This chart will frighten Vladimir Putin more than Barack Obama does

Where to next, Mr. President? Photograph by Denis Sinyakov — AFP/Getty Images

Putin built his popularity on spreading the oil wealth. That model is beyond resuscitation.

Everyone knows that the fate of the Russian economy is tied to oil prices, right?

So, if oil prices have rebounded from $45 a barrel to $70/bbl, that means that things aren’t so bad. And if the dollar now only buys 52 rubles instead of the 70 it bought three months ago, that’s surely a sign that things are getting better.

So the argument goes, at least in the short term. But this chart shows a very different story threatening to develop over the longer term, with profound consequences for President Vladimir Putin’s grip on power.

Screen Shot 2015-05-29 at 16.54.05

Bloomberg, Berenberg Bank

The blue line is the key one. It shows Russian incomes, adjusted for inflation. They were growing at nearly 20% in the years before the crisis, when Putin was able to redistribute gushing oil revenues freely through public sector wages and pensions.

Inflation had been on a steady if painfully slow downward trajectory for years before the ruble’s collapse last December exploded the price of imports. It peaked at 16.9% in March and may fall below 12% by the end of the year, according to Finance Ministry forecasts (much will depend on the harvest and its effect on food prices, which are 40% of the consumer spending basket).

The chart’s author, Berenberg Bank’s chief economist Holger Schmieding, concedes that the blue line isn’t going to get much worse from here, barring some unforeseen disaster. “But,” he says, “my rough guess is that Russia needs an oil price of over $80 a barrel to generate meaningful growth and a noticeable rise in living standards.”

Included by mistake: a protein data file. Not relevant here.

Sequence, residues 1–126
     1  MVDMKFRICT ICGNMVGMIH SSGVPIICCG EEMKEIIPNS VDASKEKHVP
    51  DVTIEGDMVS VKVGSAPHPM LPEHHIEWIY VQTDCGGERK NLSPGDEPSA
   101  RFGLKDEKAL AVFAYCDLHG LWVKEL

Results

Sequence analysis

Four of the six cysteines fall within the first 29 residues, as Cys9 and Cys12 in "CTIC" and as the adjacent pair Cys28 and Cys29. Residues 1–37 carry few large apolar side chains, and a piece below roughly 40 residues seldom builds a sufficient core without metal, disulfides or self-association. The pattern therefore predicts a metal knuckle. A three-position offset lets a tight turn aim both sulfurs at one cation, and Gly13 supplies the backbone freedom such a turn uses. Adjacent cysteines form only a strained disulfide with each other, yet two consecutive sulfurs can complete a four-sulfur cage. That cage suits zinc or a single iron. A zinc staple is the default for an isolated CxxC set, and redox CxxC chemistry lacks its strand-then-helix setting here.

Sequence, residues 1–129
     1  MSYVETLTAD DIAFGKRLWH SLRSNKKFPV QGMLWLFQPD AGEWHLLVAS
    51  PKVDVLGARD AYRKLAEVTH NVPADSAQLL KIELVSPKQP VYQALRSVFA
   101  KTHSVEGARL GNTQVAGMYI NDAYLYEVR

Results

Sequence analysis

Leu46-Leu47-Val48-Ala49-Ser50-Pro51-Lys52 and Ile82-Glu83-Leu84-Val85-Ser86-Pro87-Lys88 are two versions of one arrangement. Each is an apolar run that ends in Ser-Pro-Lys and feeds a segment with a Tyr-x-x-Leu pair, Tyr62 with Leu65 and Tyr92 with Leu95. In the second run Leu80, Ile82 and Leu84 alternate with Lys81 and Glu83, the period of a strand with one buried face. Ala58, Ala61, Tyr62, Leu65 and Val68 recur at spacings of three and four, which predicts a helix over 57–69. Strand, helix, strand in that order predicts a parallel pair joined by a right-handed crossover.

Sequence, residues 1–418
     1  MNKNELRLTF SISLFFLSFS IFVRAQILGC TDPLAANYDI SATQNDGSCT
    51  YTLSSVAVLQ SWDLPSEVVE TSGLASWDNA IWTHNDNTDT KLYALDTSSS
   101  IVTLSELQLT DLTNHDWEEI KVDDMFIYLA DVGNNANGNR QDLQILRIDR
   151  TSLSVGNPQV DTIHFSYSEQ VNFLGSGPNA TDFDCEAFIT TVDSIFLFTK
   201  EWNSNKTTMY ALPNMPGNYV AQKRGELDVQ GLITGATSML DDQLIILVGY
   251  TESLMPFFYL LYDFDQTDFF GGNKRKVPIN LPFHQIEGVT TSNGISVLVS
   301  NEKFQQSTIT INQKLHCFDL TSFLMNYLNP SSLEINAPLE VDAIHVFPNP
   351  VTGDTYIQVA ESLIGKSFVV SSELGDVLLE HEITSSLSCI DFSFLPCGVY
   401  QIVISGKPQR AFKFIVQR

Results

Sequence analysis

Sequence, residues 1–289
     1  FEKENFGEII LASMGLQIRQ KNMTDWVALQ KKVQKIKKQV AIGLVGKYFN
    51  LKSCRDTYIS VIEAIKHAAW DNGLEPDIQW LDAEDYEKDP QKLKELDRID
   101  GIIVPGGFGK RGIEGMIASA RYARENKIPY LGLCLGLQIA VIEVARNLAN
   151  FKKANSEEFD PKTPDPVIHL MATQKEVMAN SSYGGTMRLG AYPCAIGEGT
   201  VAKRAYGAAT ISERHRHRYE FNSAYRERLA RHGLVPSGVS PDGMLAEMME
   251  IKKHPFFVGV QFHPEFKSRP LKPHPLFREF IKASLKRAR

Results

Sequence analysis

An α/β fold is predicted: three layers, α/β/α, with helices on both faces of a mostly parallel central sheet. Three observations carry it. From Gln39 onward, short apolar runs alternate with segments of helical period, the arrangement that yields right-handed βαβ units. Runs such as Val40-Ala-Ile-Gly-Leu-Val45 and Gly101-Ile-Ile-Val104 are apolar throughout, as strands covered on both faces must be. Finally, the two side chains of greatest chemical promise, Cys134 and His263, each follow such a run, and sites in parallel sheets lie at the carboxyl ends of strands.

That’s above the level expected by virtually anybody in the global oil industry these days. Goldman Sachs, for example, said last week it reckons the Brent global benchmark will average $58 this year, falling to $55 by 2020.

“While Russia’s domestic political situation still looks stable, this cannot enhance Mr Putin’s chances of clinging to power in the long run,” Schmieding says, pointing to the ominous news out of Moscow this week.

On Thursday Putin made sweeping extensions to the law on state secrets, meaning that anyone trying to report on the deaths of Russian soldiers in Ukraine can face up to eight years in jail (even if you’re a bereaved relative). And elsewhere this week, NATO released a detailed report on a new buildup of Russian troops on the Ukrainian border. Both look more like a doubling down bet on intervention and repression, rather than reform and economic revival.

As Schmieding says, “a rational Putin would use this (rebound in the ruble) to strengthen the Russian economy rather than to trigger new sanctions and capital flight through a further military adventure. But who knows what an autocrat is really up to?”


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